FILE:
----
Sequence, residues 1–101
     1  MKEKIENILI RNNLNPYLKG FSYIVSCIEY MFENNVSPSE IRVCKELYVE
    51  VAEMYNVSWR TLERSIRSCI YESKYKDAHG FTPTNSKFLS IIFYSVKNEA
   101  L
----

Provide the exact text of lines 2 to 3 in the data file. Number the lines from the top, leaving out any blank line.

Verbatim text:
     1  MKEKIENILI RNNLNPYLKG FSYIVSCIEY MFENNVSPSE IRVCKELYVE
    51  VAEMYNVSWR TLERSIRSCI YESKYKDAHG FTPTNSKFLS IIFYSVKNEA